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Byron the Romantic

He really was ‘mad, bad, and dangerous to know.’

Apr 5, 2010, Vol. 15, No. 28 • By JOHN SIMON
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As O’Brien shows, Byron needed to be in love, but needed the chase after new love even more. Rarely did he stay with a woman for long. I would postulate four categories, lowest of them one-night (or one-hour) stands. Thus, upon arrival on foreign soil in Ostend, in what turned out to be his final exile, he fell upon a chambermaid in his hotel “like a thunderbolt.” Next up were the flings, as exemplified by the 16-year-old prostitute Caroline Cameron, whom the very young Byron dubbed Dahlia, paraded before his friends on the Brighton waterfront in boy’s clothing, and for a week or so considered marrying. A much later fling is typified by the Drury Lane actress Susan Boyce, with whose “sylphlike figure” he shamed wife and visiting sister, threatening to move her to the conjugal apartment. (She was to be dismissed from Drury Lane for the syphilis she contracted from Byron. Puzzlingly, we don’t hear of other women being similarly infected.)

Higher up the scale were the affairs. These could last as long as several months, as with Caroline Lamb, who famously dubbed him “mad, bad and dangerous to know,” which describes her just as well. Being the daughter in law of his esteemed confidante, Lady Melbourne, this bisexual tomboy, his “little volcano,” was particularly appealing to him. She often dressed in the livery of her pages, her boyish good looks topped by bobbed pale gold hair, her voice bewitching even in its intermittent lisp. She collapsed in hysteria at her wedding to “a flagellist” who, she claimed, “schooled her in the most unusual sexual deviations and sabotaged the few virtues she had possessed.”

She was ready to elope with Byron, but her very eagerness began to pall on him. This included stunts such as climbing in heavy masculine garb the back stairs to Byron’s digs, with elaborate strategies needed to get her out of there. A letter to Caro from Byron contains the sentence (overlooked by O’Brien), “I never knew a woman with greater or more pleasing talents, general as in a woman they should be, something of everything, and too much of nothing.” But there was too much persistence, and Byron escaped to 38-year-old Lady Oxford, his “Armida,” who may have been the most beautiful of his women. But he developed an unhealthy passion for her 11-year-old daughter, Lady Charlotte, which the mother promptly scotched.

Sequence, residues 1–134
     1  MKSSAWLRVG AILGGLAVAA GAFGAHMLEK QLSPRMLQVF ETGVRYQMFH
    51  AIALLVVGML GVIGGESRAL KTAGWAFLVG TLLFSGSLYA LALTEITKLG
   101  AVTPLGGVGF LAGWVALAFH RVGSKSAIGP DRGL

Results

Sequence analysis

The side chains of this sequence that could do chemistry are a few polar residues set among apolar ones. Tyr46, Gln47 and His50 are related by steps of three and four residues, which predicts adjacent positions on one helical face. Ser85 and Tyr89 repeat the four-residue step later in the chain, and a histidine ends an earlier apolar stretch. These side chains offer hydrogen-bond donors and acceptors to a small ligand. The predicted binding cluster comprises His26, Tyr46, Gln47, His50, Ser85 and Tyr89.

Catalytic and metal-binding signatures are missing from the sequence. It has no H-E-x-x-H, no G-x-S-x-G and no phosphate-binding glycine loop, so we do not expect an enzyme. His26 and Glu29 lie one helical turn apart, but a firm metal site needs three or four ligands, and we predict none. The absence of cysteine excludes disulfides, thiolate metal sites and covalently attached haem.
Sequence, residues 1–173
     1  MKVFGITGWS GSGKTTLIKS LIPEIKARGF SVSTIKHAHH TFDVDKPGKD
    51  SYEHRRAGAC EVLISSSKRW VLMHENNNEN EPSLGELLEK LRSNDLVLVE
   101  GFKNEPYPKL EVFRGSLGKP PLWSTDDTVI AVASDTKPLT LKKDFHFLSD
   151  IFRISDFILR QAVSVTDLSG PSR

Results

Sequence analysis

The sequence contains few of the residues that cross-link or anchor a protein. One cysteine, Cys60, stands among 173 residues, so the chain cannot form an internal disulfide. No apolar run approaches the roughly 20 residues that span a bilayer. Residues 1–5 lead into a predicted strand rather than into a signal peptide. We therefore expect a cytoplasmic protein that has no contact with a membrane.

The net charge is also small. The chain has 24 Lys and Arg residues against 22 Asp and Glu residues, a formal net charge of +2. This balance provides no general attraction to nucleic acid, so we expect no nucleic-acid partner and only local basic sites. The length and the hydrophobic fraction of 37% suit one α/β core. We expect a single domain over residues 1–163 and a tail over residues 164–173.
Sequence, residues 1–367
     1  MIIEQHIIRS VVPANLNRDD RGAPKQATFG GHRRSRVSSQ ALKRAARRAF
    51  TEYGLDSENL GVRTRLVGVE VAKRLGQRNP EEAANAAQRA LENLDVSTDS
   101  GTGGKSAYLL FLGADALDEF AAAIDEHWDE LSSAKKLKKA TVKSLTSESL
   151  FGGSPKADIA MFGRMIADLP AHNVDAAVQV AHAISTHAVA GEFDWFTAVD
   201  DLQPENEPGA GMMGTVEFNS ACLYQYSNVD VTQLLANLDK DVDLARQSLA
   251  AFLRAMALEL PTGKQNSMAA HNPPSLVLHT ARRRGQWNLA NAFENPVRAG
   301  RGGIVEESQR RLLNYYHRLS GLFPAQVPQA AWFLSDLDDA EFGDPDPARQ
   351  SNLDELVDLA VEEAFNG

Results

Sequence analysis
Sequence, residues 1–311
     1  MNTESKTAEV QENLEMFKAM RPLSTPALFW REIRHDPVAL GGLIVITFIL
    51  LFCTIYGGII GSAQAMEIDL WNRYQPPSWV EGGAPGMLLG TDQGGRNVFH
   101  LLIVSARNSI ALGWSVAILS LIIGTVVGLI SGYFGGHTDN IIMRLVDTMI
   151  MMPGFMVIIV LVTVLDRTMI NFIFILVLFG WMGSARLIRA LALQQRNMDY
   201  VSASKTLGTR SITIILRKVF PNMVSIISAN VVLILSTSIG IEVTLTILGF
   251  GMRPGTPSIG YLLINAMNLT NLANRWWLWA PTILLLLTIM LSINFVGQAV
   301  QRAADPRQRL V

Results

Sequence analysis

After seven or eight idyllic months, a seeming pregnancy (the lady already had five children by various lovers) and her husband’s debts precipitated the Oxfords’ departure for the Continent—and Byron’s involvement with one of his two inamoratas (the highest category), his five-years-older half-sister, Augusta. They had had very little contact before; but now, escaping the gambling and horse-betting debts of her husband, Colonel George Leigh, she sought out brother Byron. Despite her three children, she paid daily visits to his book-and-saber-lined rooms, “where women were rarely admitted.” As O’Brien writes:

Augusta .  .  . chatty, pliant and silly with her large grey eyes and her baby talk .  .  . seems to understand him as no woman previously had. It’s crinkum and crankum and laughter, pulling him out of his grumps, and the lame foot that he had so determinedly hidden from others, not hidden from her and christened by them “the little foot.” And so it is Gus and Goose and Baby Byron and foolery and giggles.

They thought of eloping, possibly to Sicily. When Augusta wanted to bring one of her daughters along, Byron, who detested children, refused and pointed out that a child could be made wherever they ended up. But joint travel plans faltered, and Byron resumed a warm correspondence with Lady Melbourne’s niece, Annabella Milbanke, his future wife. Meanwhile, to escape Augusta, he visited an old Cambridge friend, Sir Wedderburn Webster, recently married to young, pretty, aristocratic Lady Frances. While the husband fatuously displayed an ostentatious uxoriousness, Byron slowly undermined the wife’s naïve piety—but, at the moment of her surrender, spared her in “a burst of chivalry he [came] to regret.”

Back with Augusta, he spent a rapturously incestuous month at Newstead Abbey, his huge, ramshackle property, where her being wife and sister to him gave him four of “the happiest [weeks] of his life.” A daughter, Medora, would be born. Nevertheless, the epistolary courtship of Annabella proceeded, and after remarkably dilatory wooing and even near-fainting upon receipt of her letter of acceptance, the wedding (during which he thought about Mary Anne Chaworth) finally took place.

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